Knowing where to start when editing images in Photoshop can be a challenge with the massive library of available tools. You don’t need to know all of the editing tools - in fact even experienced designers use some tools only rarely or not at all! Instead, start simply and develop good working habits that will translate to better images now, and as you develop as a designer, with these Photoshop editing tips for beginners.
To make awesome digital art and get live instruction from an expert teacher online, join a fun Photoshop class for kids. Or explore an easy-to-use graphic design tool, Canva:
Discover Photoshop editing tips for beginners and kids
Here are 10 tips to get you started on using this powerful program to edit images.
1. Use Social-Media Friendly Dimensions
If you think you might use your images on social media, start by making your document the right size for your use. Here are dimensions on popular social media sites:
What size to use? (All dimensions are in pixels)
- Snapchat image - 1080 x 1920
- Instagram post - 1080 x 1080
- Instagram story - 1080 x 1920
- Facebook post - 1200 x 1200
- Facebook cover image - 1640 x 924
2. Crop and Straighten
One of the first adjustments you will want to make to your photos is to crop, and straighten them if needed.
To crop an image, choose the Crop symbol from the side bar and a crop box will automatically appear around the edges of your image. Drag the box as needed or click and drag your image to select the area you want to keep. While the crop box is still open, you will see a Straighten button appear on the top menu bar. After you click on this, a plus sign will appear as your cursor. Click and drag to rotate your image until it is straightened. Click the Enter key to finish.
3. Navigation Shortcuts
Learning some basic keyboard shortcuts will make your life easier and your work in Photoshop more efficient. Here are a handful to get you started on some of the most commonly used functions.
- Undo - CTRL Z
- Zoom Tool - Z key or CTRL + (Zoom in), CTRL - (Zoom out)
- Rotate - R key, then click and drag mouse
- Fit to Screen - CTRL 0
- Crop - C key
- Add to Selection - Hold Shift while using selection tool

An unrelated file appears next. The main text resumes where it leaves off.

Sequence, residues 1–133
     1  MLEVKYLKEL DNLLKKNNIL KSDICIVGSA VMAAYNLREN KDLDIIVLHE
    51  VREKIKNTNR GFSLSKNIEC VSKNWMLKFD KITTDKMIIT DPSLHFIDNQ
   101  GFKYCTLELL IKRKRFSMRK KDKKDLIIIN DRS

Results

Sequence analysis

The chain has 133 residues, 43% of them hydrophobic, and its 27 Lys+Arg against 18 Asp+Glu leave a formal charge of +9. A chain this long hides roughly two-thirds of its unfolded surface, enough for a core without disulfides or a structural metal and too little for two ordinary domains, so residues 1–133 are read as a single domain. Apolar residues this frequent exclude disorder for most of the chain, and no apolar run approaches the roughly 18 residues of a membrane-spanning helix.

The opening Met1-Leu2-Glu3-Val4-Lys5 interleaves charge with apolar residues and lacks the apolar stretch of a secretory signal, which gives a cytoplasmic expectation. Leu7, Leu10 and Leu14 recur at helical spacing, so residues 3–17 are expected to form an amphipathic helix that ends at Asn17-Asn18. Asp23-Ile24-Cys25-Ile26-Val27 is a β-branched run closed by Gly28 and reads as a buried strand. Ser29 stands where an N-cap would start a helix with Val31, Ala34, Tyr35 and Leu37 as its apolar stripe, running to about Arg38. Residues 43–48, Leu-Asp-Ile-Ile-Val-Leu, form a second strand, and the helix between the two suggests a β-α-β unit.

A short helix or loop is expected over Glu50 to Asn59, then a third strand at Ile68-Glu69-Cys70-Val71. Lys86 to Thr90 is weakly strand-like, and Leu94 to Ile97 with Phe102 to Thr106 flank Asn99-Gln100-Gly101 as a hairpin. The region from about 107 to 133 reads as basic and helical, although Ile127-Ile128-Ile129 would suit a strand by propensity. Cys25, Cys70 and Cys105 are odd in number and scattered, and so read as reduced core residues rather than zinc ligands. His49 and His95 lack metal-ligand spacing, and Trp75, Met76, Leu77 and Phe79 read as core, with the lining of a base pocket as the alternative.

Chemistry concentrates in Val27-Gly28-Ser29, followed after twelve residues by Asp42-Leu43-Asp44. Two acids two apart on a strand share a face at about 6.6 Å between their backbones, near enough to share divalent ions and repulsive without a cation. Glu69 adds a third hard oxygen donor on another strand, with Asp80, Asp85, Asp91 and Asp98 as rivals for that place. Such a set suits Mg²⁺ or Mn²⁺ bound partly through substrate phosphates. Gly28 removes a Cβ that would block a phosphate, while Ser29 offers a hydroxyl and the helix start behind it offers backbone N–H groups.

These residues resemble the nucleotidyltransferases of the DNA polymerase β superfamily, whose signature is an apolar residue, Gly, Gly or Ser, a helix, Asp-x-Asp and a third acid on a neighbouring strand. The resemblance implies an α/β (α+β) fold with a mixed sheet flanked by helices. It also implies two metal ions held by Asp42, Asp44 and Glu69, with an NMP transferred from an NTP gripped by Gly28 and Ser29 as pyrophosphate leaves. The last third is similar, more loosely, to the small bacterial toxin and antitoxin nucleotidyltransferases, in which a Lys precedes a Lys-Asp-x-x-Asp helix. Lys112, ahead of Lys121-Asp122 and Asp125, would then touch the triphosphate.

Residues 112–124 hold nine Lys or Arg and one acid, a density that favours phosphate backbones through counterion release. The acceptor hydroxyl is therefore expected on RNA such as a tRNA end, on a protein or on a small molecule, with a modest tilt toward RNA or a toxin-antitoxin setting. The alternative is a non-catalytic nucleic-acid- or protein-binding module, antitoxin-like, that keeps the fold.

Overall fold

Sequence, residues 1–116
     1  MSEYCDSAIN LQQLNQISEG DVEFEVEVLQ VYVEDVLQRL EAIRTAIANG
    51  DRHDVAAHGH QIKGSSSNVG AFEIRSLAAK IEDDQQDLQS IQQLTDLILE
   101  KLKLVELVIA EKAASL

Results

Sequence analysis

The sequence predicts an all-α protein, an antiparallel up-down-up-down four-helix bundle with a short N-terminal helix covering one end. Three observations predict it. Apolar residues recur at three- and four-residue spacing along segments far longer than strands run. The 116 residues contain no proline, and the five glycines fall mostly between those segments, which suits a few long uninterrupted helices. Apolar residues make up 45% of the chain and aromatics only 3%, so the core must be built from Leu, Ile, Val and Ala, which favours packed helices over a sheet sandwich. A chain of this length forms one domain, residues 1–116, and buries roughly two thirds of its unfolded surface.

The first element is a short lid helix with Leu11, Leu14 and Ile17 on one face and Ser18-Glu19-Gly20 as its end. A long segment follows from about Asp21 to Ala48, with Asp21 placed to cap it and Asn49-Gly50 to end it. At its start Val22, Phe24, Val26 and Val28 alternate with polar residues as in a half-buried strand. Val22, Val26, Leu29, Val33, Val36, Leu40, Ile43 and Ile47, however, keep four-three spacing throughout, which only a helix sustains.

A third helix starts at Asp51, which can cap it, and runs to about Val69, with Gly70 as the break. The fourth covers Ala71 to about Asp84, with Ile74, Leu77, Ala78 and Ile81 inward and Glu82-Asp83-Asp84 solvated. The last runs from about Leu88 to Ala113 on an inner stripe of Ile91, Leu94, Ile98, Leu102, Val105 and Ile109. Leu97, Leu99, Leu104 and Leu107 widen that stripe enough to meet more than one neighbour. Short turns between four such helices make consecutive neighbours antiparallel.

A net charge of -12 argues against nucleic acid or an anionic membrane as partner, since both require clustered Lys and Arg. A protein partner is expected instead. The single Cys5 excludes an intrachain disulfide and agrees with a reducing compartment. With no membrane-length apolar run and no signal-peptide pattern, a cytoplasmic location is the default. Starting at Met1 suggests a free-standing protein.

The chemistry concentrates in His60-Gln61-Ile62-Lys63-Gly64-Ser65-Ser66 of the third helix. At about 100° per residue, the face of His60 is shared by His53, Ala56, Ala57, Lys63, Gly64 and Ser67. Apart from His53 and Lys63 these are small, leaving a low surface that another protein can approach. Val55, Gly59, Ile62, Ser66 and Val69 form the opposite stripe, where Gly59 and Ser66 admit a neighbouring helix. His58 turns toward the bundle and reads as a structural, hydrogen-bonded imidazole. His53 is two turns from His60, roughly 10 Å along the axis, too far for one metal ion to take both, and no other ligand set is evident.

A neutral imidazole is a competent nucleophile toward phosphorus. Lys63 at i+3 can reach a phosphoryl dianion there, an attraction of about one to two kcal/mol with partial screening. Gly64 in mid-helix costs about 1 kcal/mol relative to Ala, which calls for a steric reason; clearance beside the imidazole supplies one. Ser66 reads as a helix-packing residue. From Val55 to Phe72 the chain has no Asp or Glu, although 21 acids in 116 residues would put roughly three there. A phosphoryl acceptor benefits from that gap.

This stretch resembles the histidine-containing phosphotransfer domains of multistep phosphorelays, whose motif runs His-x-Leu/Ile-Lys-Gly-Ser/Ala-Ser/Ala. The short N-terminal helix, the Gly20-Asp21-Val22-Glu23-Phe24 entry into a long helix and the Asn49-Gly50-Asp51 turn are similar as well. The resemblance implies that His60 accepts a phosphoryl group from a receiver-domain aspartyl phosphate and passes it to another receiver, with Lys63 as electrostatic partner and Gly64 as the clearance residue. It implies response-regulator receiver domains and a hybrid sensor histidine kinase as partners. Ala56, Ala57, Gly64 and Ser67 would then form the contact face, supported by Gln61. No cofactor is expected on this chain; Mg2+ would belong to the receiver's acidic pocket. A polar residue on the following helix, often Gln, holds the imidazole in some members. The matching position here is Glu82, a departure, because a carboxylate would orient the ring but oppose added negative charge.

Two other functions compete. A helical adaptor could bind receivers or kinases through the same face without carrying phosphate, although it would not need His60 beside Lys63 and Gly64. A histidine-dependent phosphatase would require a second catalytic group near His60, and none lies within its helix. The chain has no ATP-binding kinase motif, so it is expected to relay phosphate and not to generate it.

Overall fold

4. Don’t Work Directly on the Background
A good Photoshop habit is to work on new layers to protect your original image. Rather than painting or directly manipulating the background, add a blank layer to paint on your image. This way, you can test multiple versions of your image and undo what you don’t like.
To add a new layer, click on the + at the bottom of the layer window.
5. Enhance Color and Lighting
Brightening colors with higher saturation, changing the color temperature, or brightening a dark photo are common fixes. Unlike boosting the lighting and saturation on a phone app, in Photoshop you can select which areas of the photo you want to adjust using Adjustment Layers.
Each adjustment you make automatically creates a new layer, which allows you to toggle the visibility on or off and adjust the opacity later.
To create a new adjustment layer, click the half black half white circle at the bottom of the layers panel. A new layer will pop up (for example, for Hue/Saturation). Use the sliders in the adjustment panel to change the photo to your liking.
You’ll see in this photo boosted Brightness and Hue/Saturation on the characters in the photo, while the background is desaturated.
6. Be Selective with Effects
To selectively apply a change, make sure the layer you want to work with is selected. Then choose a paint brush tool (for example, 150 pixels in width, soft edge) and paint with black the areas you do not want to apply the change to. Remember, on a layer, black creates a mask, while white will “erase” the mask and apply the change. You can see below the black and white areas painted on the Adjustment Layers.